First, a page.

A First Step for Hollywood Harassers: "Say You're Sorry and Mean It" (Guest Column)

Sorry_Illo - THR - H 2018
Illustration by: Nazario Graziano

Janis Hirsch, who endured her own #MeToo moment on 'It's Garry Shandling's Show,' advises misbehaving men to apologize and own their blame: "I bullied you because my ego is as fragile as matzoh."

Last October, I went public with my #MeToo story in THR. Maybe you read my account of how, when I was a baby writer on Showtime's It's Garry Shandling's Show, an actor laid his flaccid penis on my right shoulder in an attempt to make Shandling laugh (and make me go blouse shopping).

Right after that, I got fired even though I had written two of the first six episodes and was mentioned in a favorable L.A. Times review — me, the only woman on the staff. It would have been a career-ender ?to sue, so instead I made this my go-to anecdote and told it in every single writing room I was in. More than 30 years later, ?two young writers — Jessica Goldstein and ?Chrissy Pietrosh, whom I had just met that night — thanked me for dealing with "the penis on the shoulder story" so they would never have to.

I cried when I heard that; it gave me closure. And I know my experience — devastating as it was — wasn't as harrowing as things that have happened to other women. What that penis' owner-operator did was in no way physically or sexually threatening. I was just a prop, like that hose Carrot Top puffs into and says "Amish blow dryer." Penis Guy never apologized. ?I never expected him to.

But then again, why not? At this point we have heard from so many brave women who have come forward to share their #MeToo stories, many of them horrific, all of them soul-crushing. But you know who we haven't heard from? Men.

Yes, Dan Harmon and Morgan Spurlock publicly apologized to the women they bullied, demeaned and harassed, and that's great. (Whether their apologies were accepted by the women in question is not the point.) So where are the rest of the ?guys whose bad behavior maybe hasn't been exposed (yet), but who know what they did and whom they did it to?

Two other writers from It's Garry Shandling's Show contacted me after my piece ran — one ?to say that he wished he'd known what was going on (he worked there only one day a ?week) and another to make sure that I wasn't implicating him, because he'd been my friend. I ended up having to assure them both that we were good, which was confusing because suddenly I was apologizing to them for causing them to doubt themselves. I reiterate: They were being sweet, but they couldn't leave it at that. They needed absolution. Not my job.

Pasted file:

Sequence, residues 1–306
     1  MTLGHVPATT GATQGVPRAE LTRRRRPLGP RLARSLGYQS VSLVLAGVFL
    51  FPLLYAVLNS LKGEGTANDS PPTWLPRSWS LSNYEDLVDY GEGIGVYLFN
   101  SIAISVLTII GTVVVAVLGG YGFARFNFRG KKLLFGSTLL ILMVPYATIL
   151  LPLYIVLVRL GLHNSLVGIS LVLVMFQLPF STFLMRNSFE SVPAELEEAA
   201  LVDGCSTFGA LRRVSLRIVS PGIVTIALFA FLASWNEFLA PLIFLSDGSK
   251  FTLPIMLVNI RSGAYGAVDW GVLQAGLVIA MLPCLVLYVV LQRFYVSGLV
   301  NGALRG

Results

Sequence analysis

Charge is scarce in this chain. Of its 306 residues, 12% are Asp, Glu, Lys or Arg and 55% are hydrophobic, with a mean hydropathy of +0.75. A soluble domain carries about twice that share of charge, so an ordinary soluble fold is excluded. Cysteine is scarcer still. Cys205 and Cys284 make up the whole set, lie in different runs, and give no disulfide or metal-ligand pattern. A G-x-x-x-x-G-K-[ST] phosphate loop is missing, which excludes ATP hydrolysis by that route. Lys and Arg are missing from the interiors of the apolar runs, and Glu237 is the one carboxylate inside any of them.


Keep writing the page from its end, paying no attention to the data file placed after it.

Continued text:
So, guys: If you've ever promised anyone a raise, a speaking part or a script assignment if they'd have sex with you, call them or write them and say, "I'm sorry, I was wrong," and then block out every impulse to ask for forgiveness. You can do it. You've already proven you're good at blocking things out: things like empathy and basic human decency.

If you ever had an assistant or an associate whose primary job was to have sex with you in your office, in your car or on business trips — even though she was well-paid and even though you and your wife were practically separated — call her and say, "I'm sorry, I was a jerk," and then hang the hell up. Oh, and maybe apologize to your daughters, too: That's why they never wanted to visit you at work.

If you've ever stuck your hand up or down anything a woman was wearing, ?if you ever patted, cupped or squeezed anything that wasn't fruit, you owe all those women apologies. Cut and paste the following: "I'm sorry I touched your ____" And no, adding, "But you have such a hot-looking ____" is not an explanation, excuse or compliment.

If you ever directly or indirectly implied that a woman's livelihood would suffer if she didn't meet your sexual demands, call or write that woman and say: "I bullied you because my ego is as fragile as matzoh," and then tell your therapist ?that you've finally figured out why your marriages broke up.

Guys, we women say "I'm sorry" at the drop of a hat. Literally, if we drop a hat we say "I'm sorry." To the hat. Try it. Start with haberdashery and work yourself up to those women you pretend you don't remember for those incidents you really can't recall. And this time, don't ask for anything in return.

Janis Hirsch is a writer-producer whose credits include The Nanny, Frasier and It's Garry Shandling's Show.

This story first appeared in the Aug. 15 issue of The Hollywood Reporter magazine. To receive the magazine, click here to subscribe.